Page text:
for some months. The entire purpose of the Government's policy is to have a downward bearing on inflation. We are talking about April 1991, not about today.

Mr. Jacques Arnold : When considering the future of teachers' pay, will my right hon. Friend consider the introduction of regional pay, which would allow us to reflect local living costs, especially in areas of the south-east such as Gravesham, which has no territorial allowance at present?

Mr. MacGregor : The interim advisory committee considered regional pay and recommended that to remedy precise problems it would be more sensible to make use of incentive allowances, and that we are doing substantially. There are 170,000 incentive allowances in place. It is for the committee to consider what should be done with incentive allowances this year. However, it was its clear view--one with which I went along-- that it would be better to have an incentive allowance system that could more precisely target particular issues or problems rather than a widespread regional pay structure.

Training Grant

6. Mr. Turner : To ask the Secretary of State for Education and Science what plans he has for the local education authority training grants ; and if he will make a statement.

The Minister of State, Department of Education and Science (Mrs. Angela Rumbold) : Details of the arrangements for the local educatioauthority training grants scheme for 1990-91, including provisional funding allocations, were announced in the Department's circular No. 20/89, which was issued on 18 August and copies of which are available in the Library.

Mr. Turner : I thank the Minister for her answer. Can the hon. Lady estimate the cost in staff time of organising the two different categories of grant--national and local? When will the review be completed?

Mrs. Rumbold : I cannot tell the hon. Gentleman exactly how far organisation within individual schools has progressed as I do not have that information to hand. The local education authorities' local priorities are being subsumed because they are paying more attention to the national priorities, which means that more work is being carried out on training within schools, especially in the primary sector.

Teacher Supply

7. Mr. Corbyn : To ask the Secretary of State for Education and Science what plans he has to improve the teacher supply in London.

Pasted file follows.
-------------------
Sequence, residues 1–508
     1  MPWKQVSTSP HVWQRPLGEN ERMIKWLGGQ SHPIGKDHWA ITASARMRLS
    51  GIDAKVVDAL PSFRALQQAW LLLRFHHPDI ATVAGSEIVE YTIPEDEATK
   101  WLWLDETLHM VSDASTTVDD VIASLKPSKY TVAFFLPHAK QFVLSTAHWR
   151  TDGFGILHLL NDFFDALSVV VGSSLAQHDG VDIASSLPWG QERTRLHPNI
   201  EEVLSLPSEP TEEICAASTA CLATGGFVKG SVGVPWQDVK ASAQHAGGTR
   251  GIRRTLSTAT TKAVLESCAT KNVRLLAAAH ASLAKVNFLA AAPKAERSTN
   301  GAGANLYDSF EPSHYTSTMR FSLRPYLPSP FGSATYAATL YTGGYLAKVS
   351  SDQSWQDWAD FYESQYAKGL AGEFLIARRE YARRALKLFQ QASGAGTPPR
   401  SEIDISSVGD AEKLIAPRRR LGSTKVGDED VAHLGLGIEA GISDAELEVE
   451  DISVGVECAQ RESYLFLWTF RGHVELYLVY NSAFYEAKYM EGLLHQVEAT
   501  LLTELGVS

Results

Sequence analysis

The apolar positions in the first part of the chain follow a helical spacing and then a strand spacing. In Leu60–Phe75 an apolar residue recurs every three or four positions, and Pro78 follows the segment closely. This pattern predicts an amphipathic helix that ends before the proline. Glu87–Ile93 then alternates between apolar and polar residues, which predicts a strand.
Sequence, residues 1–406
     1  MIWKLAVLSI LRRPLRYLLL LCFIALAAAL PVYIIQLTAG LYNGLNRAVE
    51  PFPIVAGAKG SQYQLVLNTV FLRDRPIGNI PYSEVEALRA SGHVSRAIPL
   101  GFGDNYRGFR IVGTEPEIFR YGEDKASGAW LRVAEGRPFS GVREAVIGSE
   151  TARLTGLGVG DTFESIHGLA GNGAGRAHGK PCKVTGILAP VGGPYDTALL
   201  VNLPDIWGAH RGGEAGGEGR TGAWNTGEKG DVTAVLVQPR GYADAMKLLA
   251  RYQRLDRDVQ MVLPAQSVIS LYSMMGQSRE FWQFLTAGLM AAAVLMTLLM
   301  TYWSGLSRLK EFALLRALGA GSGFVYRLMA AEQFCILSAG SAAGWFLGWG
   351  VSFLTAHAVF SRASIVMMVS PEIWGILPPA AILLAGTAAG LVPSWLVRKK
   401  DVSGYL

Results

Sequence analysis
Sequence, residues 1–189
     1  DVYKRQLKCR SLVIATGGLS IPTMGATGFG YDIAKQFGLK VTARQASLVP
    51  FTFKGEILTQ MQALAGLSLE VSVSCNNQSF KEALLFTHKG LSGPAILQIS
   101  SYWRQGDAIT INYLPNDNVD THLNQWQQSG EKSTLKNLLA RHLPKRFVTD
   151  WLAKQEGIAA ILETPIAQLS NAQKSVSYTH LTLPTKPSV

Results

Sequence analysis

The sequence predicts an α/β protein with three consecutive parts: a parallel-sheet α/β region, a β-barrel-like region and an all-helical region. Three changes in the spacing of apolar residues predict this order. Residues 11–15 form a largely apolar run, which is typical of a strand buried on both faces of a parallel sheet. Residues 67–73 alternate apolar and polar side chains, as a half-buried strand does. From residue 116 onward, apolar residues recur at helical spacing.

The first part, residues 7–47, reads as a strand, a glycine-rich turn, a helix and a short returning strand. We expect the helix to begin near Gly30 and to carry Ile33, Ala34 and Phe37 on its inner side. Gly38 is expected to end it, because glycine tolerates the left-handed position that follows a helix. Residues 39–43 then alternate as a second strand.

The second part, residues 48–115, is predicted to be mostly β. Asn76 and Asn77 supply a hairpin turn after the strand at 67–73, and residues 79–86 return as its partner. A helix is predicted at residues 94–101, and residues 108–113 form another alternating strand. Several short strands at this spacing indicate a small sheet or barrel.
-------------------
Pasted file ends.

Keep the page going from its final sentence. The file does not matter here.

Mrs. Rumbold : My right hon. Friend is determined to assist local education authorities in London to overcome teacher recruitment and retention difficulties.

The Department, the Inner London education authority and the London boroughs, together with the teaching as a career unit in the Department of Education and Science, will be co-operating in a Londonwide recruitment campaign. Education support grant will be available from next April for local recruitment measures to attract more mature new entrants and re- entrants. As my right hon. Friend said earlier, the interim advisory

Column 10

committee has also been asked to look at measures to improve supply in areas where vacancy rates are highest-- especially in inner London.

Mr. Corbyn : Is the Minister aware that her reply will be of no comfort to those children who today are still without teachers, or to those parents who are concerned that their children are not receiving a proper education? Is she further aware that a survey of the London borough of Lambeth today has shown that 43 primary schools are short of teachers, that they expect to be short for the remainder of the term and that that is a common position throughout inner London? Is not one problem the fact that the London weighting for teachers of £1,377 a year is less than half of that paid to bank staff and the lowest weighting in any public sector employment? Should not the Minister address herself to the problem of teachers' salaries, their negotiating position and, above all, the extraordinarily high housing costs? Is there not a need for decent, cheap housing to attract teachers to London so that our children do not suffer because of the teacher shortage?